Portimao

Portimao

Portimão is perfect if you want to stay in a bustling fishing port rather than a hotel perched right on the beach. Since the 1930s, Praia da Rocha has snared sun-loving traffic. Today it’s challenged by Praia dos Três Irmãos, but tourists still flock to Portimão in the summer. The aroma of the noble Portuguese sardine permeates every street. Portimão is the leading fish-canning center in the Algarve. For a change of pace, this town, on an arm of the Arcade River, makes a good stopover for its fine dining. Stroll through its gardens and its shops (especially noted for their pottery), drink wine in the cafes and roam down to the quays to see sardines roasting on braziers. The routine activity of the Algarvians is what gives the town its charm.

Even those staying in Portimão head for the beach first thing in the morning. The favorite is Praia da Rocha, a creamy yellow strand that has long been the most popular seaside resort on the Algarve. English voyagers discovered the beauty of its rock formations around 1935. At the outbreak of World War II, there were only two small hotels and a few villas on the Red Coast, most built by wealthy Portuguese. Nowadays, Praia da Rocha is booming. At the end of the mussel-encrusted cliff, where the Arcade flows into the sea, lie the ruins of the Fortress of Santa Catarina. The location offers views of Portimão’s satellite, Ferragudo, and of the bay. Praia dos Três Irmãos, southwest of Portimão, has 15 km of burnished golden sand, interrupted only by an occasional crag riddled with arched passageways. This beach has been discovered by skin divers who explore its undersea grottoes and caves.

Nearby is the whitewashed fishing village of Alvor, where Portuguese and Moorish arts and traditions have mingled since the Arab occupation ended. Alvor was a favorite coastal haunt of João II, and now summer hordes descend on the long strip of sandy beach. It’s not the best in the area, but at least you’ll have plenty of space. Alvor is accessible by public bus from Portimão’s center. Although it lacks great monuments and museums, Portimão is worth exploring. Just wander through its colorful streets, stopping at any sight that interests you. The once-colorful fishing boats used to unload their catch here at the port but have moved to a terminal across the river. High-rise buildings ring the area but the core of the old town is still intact.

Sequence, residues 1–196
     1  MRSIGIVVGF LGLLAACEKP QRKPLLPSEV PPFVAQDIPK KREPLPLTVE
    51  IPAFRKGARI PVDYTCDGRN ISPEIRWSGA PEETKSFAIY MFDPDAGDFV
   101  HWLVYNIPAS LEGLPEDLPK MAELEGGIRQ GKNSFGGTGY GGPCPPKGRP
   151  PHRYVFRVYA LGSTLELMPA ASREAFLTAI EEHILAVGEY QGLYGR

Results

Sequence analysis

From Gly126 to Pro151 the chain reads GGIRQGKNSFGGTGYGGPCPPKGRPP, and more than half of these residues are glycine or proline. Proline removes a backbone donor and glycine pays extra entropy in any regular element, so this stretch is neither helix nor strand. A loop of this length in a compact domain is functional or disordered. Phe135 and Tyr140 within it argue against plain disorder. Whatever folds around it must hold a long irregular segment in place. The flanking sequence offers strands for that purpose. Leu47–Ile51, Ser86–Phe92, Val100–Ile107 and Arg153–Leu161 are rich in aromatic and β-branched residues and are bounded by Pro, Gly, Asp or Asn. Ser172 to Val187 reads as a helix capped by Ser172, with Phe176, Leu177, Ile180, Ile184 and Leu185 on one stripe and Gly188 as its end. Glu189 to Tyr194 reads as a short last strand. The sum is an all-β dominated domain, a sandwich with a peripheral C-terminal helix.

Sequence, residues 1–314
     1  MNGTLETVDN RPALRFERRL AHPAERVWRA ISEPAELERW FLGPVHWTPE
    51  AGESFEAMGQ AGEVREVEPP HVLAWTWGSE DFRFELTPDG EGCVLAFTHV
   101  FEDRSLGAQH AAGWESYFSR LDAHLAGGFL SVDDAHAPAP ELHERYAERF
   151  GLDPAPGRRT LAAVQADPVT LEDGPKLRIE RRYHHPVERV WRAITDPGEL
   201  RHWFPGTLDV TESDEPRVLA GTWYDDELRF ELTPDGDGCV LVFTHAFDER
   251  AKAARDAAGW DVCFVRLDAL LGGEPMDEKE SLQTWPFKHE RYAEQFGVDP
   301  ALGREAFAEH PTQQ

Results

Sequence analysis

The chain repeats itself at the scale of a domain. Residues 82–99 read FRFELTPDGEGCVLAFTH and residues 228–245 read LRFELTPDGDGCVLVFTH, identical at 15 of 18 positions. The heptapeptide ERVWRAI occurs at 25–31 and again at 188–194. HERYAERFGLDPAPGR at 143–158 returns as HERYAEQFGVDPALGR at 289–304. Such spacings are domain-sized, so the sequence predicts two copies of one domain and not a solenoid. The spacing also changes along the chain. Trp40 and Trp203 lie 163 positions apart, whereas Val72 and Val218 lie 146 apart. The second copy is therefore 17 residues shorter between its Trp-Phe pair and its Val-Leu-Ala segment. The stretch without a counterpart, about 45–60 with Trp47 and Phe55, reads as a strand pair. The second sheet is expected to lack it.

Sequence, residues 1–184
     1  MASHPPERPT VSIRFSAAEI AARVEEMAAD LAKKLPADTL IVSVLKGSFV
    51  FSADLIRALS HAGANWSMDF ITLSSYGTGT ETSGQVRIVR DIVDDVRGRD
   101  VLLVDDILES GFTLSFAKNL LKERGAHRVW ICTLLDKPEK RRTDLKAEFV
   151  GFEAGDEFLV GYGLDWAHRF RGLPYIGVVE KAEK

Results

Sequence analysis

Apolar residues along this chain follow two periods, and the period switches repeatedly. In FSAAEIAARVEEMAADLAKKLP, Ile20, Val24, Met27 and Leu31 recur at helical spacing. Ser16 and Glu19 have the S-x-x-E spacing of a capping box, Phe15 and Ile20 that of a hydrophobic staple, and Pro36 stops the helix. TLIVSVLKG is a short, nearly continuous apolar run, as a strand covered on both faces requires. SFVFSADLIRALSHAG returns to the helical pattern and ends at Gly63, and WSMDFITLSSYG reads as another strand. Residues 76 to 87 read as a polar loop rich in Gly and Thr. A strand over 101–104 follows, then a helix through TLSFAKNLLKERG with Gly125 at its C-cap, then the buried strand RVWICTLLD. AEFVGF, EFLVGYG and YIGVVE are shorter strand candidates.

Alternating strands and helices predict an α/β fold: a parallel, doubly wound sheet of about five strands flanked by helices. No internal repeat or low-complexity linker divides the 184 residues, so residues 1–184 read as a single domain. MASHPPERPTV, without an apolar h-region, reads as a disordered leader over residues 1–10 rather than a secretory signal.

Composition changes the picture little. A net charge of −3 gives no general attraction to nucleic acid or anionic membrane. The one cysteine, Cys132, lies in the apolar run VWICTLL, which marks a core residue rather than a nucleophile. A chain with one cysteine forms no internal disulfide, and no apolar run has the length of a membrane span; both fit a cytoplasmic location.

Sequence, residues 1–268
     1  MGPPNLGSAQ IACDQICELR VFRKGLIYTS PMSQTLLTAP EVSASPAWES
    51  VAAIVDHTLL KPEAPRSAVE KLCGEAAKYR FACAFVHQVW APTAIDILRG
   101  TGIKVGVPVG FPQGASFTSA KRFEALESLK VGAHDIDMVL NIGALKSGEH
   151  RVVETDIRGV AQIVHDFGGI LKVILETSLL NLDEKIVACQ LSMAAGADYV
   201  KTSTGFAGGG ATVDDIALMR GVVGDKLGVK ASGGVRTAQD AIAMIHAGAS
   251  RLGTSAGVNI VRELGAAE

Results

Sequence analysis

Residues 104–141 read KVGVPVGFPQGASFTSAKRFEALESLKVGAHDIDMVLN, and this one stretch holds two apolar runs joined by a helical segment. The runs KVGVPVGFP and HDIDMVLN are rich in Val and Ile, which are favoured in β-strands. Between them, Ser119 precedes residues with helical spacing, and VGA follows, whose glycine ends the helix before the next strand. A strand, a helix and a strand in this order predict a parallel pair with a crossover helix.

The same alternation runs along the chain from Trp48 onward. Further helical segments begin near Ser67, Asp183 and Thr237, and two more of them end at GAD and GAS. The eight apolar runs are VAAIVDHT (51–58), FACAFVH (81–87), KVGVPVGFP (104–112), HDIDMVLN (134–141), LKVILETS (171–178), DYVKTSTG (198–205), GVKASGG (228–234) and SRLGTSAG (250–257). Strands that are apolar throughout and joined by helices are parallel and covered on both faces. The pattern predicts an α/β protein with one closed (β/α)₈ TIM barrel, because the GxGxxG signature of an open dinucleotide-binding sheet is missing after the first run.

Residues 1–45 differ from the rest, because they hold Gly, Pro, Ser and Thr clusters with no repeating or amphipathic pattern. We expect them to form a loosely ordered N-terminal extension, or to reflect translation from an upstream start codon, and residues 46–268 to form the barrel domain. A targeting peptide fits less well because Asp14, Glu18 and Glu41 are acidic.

Try to be in Portimão for lunch. Of course, you can dine at a restaurant, but it’s even more fun to walk down to the harborside, where you can find a table at one of the low-cost eateries. The specialty is chargrilled sardines, which taste like nothing you get from a can. They make an inexpensive meal accompanied by chewy, freshly baked bread; a salad; and a carafe of regional wine. If you’re in town in August, stay for the Sardine Festival, where the glory that is the Portuguese sardine is honored, lauded, and, finally, devoured.

In the center you can see the ruins of the Castelo de São João, which was constructed to defend Portimão from English, Spanish, and Dutch raids. At Praia da Rocha, you can explore the ruins of the 16th-century Fortaleza de Santa Catarina, which was constructed for defensive purposes.

Fish, fruit and vegetable markets are held every morning in the market building and open square. On the first Monday of every month, a gigantic daylong regional market sells local artifacts, pottery, wicker and even snake oil. Boutiques offering the Algarve‘s best selection of sweaters, porcelain, and pottery abound. You’ll find modern, Pan-European commercialism in this once-sleepy fishing village, most noticeably on such busy shopping streets as Rua Comerciale and Rua Vasco da Gama. Goods include hand-knit sweaters, hand-painted porcelains and tons of pottery from factories and individual artisans throughout Portugal. Look for knitwear, ceramics, pottery, leatherwear, and woodcarvings.

The town center has about a dozen tascas (taverns) and bodegas, but you might be happier with the glossier after-dark venues in internationally minded Praia da Rocha. Many bars and pubs, as well as the resort’s casino, line Avenida Tomás Cabreira. Depending on your mood, you might enjoy popping in and out of several of them, a ritual akin to a London pub-crawl.

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